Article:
$ quilt pop -a
...
$ sed -i '/no-sslv2.patch/d' debian/patches/series
$ quilt push -a
...
$ dch -n 'Allow dangerous v2 protocol'
$ debuild -uc -us
...
$ ls ../*ssl*.deb


Most of the instructions were familiar, but I hadn't used 'quilt' before. In this case, 'quilt pop -a' removes all patches, and the 'quilt push -a' adds all the patches in debian/patches/series once the "no-sslv2.patch" entry has been deleted. Then the debs are built and easily installed using the 'dpkg -i' command.

Nessus and the openssl s_client were once again able to connect using SSLv2 with the custom debs installed. I reported this back to the Nessus discussion forum thread, and Renaud once again responded with lightning speed.
Nessus 4.4.1 for Ubuntu 10.10 will ship with its own OpenSSL 0.9.8r. ETA is "very soon". Your solution is fine in the meantime, but it's a hack. In the long term, as distributions start to decide they know best about their users needs, we'll probably start shipping OpenSSL with more and more builds
So, in the long run, this will not be an issue for Nessus users on Ubuntu. In the short term, there is a workaround, but system updates will require extra attention, as OpenSSL needs to be rebuilt after every update.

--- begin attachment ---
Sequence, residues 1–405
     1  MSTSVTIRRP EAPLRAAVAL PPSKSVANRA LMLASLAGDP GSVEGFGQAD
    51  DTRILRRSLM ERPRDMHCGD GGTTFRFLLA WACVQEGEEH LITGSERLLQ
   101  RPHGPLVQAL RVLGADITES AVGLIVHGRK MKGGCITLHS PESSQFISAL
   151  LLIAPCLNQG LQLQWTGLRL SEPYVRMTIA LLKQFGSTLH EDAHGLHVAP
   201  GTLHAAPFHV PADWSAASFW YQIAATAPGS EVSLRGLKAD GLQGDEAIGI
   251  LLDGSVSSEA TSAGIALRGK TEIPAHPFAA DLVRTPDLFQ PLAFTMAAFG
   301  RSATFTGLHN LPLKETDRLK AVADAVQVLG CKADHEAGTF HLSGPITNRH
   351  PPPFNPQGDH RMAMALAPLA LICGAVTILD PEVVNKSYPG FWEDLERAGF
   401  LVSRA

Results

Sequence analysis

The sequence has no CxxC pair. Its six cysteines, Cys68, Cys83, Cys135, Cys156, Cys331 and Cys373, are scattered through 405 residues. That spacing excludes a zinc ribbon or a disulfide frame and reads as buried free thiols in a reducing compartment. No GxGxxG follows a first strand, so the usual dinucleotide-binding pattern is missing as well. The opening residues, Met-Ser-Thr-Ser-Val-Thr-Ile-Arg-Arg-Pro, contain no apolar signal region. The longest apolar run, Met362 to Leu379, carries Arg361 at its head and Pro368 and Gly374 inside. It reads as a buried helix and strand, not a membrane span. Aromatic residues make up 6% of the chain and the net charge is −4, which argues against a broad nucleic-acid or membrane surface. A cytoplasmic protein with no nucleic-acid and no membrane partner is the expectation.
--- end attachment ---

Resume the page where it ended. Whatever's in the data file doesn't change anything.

Thursday, January 20, 2011

Stuxnet and Cablegate - Harry Palmer wins again.

The two biggest data security stories of 2010 (and arguably of all time) are the weaponization of a computer virus targeted at a nuclear plant and the massive, unprecedented theft and disclosure of national security secrets from a secured military network. Under close examination, neither of these; Stuxnet nor Wikileaks/Cablegate, used a particularly exotic attack vector.

They happened because of the failure, again, of the organic component of information security. They happened because a disgruntled PFC, a high school dropout with apparently unfettered access to SIPRNET, brought writable CDs to work and proceeded to copy everything he could lay his mouse on. They happened because some nameless Russian contractor working for Atomstroyexport jammed a USB stick loaded with a worm into an Iranian PC. Yes, the worm was incredibly sophisticated. The method of delivery? Not so much.

Air gap? Meet 'the bridge'.

PFC Manning and 'Ivan Doe' have shown in big glaring headlines, that the best defenses can be defeated by The Gray Man. Harry Palmer, the 'Anti-Bond' spy and prototypical Gray Man, was perhaps the best fictitious example of this, the most dangerous of threats. Harry did not rely on gadgets from Q Branch or Parkour acrobatics, but used the best weapons available to an intelligence operative; he had the ability to blend in and possessed a cold, singular focus.